The words marched from my mouth as Terrence jerked his truck from the curb. I closed my eyes and listened as he gunned it to the stop sign at the end of my block.
I was standing inside my building at barely a minute past 9 p.m. I was supposed to be with Terrence at his apartment, enjoying the dinner he made for the two of us. It was our first date, and the first time, after seven years of dating in Manhattan, that a guy had offered to cook for me.
It was also the first time a guy kicked me out of his apartment for refusing to give him a blow job. Before he dumped me off at home, Terrence capped off the evening by saying, “You’re not in high school anymore. A woman in her 30s should be cool with giving head.”
Terrence wasn’t the first clown I’d dated. Before him, the guys I attracted had two things in common: They were emotionally unavailable and already in committed relationships with drugs and alcohol.
Anthony, who looked like he fell right out of an episode of MTV’s “Jersey Shore,” hunted me for months. After I gave him my number, I couldn’t understand why he only texted me late-night on the weekends or why, when we were out together, he spent most of his time in the bathroom. It turned out that Anthony was a booty-call-loving coke-head, whose nose had seen the back of every toilet of every bar in Manhattan. Eventually, I demanded he lose my number. When he wouldn’t, I changed mine.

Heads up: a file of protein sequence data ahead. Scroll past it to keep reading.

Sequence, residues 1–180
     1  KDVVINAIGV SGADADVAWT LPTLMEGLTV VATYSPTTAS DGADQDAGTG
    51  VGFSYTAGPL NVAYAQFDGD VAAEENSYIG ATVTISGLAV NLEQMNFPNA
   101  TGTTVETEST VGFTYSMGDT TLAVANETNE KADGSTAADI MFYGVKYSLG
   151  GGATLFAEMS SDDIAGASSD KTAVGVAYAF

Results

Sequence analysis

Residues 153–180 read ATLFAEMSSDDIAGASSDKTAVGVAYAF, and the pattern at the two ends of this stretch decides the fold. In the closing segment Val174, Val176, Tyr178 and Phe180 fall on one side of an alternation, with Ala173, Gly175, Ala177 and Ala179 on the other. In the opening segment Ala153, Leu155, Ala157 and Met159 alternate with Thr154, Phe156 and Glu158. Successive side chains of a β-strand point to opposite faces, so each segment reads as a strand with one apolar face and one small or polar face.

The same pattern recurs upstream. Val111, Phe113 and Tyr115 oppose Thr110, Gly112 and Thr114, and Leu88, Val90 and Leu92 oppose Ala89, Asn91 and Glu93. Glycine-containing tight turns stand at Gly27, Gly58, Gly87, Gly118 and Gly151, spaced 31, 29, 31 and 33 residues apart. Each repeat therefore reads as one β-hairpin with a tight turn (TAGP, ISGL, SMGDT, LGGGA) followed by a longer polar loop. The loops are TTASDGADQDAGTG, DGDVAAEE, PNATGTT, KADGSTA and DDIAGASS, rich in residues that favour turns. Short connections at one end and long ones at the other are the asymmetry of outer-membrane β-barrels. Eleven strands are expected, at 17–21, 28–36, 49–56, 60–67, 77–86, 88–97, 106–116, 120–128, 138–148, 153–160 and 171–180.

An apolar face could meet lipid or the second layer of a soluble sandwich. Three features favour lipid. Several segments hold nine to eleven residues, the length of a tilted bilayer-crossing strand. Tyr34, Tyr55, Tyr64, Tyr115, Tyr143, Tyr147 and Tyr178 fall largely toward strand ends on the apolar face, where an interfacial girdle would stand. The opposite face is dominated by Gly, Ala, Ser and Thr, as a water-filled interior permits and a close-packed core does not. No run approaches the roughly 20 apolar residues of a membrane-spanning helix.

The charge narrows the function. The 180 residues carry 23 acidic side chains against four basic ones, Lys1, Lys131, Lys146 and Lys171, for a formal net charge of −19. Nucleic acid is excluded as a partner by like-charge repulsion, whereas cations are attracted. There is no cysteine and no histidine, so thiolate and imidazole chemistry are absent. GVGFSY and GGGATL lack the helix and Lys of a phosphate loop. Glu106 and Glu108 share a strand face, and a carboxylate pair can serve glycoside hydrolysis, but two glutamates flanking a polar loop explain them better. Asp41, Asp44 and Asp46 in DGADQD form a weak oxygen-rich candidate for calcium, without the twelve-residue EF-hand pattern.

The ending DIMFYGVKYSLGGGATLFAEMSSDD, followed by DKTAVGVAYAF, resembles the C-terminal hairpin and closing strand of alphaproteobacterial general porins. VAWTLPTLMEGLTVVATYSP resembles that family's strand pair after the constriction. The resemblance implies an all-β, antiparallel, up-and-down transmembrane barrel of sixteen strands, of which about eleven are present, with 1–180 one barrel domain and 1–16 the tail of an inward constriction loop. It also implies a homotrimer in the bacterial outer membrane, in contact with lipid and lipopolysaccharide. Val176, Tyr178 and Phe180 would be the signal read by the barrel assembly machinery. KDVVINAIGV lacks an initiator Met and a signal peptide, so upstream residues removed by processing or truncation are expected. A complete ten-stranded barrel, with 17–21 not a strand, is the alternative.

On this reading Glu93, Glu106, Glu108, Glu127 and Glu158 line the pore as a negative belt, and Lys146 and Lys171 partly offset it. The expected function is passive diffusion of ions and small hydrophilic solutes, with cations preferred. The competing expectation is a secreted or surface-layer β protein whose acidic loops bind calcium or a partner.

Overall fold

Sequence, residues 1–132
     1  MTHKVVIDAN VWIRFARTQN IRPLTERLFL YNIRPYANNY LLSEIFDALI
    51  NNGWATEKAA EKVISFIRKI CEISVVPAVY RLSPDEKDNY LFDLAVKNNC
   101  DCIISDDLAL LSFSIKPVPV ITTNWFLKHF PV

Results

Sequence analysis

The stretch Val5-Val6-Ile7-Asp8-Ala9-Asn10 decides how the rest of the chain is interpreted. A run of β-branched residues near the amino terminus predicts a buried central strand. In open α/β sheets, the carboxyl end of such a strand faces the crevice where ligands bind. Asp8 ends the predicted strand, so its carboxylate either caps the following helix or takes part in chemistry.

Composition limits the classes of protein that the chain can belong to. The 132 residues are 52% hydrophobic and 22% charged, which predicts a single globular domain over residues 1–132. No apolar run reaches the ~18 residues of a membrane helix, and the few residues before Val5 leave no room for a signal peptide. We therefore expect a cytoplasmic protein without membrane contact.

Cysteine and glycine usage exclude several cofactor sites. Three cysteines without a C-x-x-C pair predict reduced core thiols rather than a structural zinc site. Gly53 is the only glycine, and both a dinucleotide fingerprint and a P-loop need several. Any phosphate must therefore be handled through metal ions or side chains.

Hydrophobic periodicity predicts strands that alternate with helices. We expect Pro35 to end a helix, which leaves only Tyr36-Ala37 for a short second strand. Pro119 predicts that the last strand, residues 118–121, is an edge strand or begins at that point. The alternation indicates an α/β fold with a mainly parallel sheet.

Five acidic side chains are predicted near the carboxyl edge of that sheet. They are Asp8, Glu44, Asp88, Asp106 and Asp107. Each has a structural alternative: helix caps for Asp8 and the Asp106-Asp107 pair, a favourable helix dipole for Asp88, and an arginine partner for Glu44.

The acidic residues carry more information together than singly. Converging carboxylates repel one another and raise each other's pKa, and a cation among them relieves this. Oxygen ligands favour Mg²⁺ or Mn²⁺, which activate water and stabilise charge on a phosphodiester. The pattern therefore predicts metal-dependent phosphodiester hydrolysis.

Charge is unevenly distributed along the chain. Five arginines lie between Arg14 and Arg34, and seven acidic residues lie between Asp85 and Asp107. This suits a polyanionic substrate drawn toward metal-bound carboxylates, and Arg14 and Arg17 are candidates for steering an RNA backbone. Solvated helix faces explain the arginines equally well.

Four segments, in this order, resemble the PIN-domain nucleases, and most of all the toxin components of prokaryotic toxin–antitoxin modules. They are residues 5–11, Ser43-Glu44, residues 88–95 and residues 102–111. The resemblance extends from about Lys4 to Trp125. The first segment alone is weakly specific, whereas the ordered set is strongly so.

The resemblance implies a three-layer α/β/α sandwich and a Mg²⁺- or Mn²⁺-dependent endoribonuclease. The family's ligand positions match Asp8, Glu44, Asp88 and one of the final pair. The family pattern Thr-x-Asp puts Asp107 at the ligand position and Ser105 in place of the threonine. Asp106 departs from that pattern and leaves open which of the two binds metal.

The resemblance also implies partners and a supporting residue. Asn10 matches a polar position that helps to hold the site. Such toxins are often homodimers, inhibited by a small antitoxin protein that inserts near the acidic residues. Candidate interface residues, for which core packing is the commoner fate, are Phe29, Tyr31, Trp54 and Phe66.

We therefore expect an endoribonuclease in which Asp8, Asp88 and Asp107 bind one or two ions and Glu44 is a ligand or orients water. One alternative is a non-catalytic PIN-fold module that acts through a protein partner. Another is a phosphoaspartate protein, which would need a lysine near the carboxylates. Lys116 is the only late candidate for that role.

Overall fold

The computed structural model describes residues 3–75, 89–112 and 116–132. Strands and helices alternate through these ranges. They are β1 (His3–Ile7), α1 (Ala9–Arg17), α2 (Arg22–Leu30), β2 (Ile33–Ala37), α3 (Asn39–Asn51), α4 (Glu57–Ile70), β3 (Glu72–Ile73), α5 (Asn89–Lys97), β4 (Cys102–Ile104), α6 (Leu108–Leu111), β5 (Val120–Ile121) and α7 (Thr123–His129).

Then there was Kevin, a 40-year-old bartender I’d met when I was 25. On several occasions, he drove to my apartment and passed out in his car before making it inside. On one night, after he managed to make it upstairs, reeking of alcohol, I gently told him I thought he needed help. Kevin became furious, and the only way I could eject him from my apartment was to pretend to call the police. I broke up with him the next day, which shocked Kevin because he couldn’t remember anything from the night before.
Over the years, I admittedly had ample opportunities to examine the dysfunctional relationship choices I repeatedly made. But, it wasn’t until the blow job debacle that it all clicked. On that night I stood at the bottom of the stairs that led to my apartment and said, “I am done.”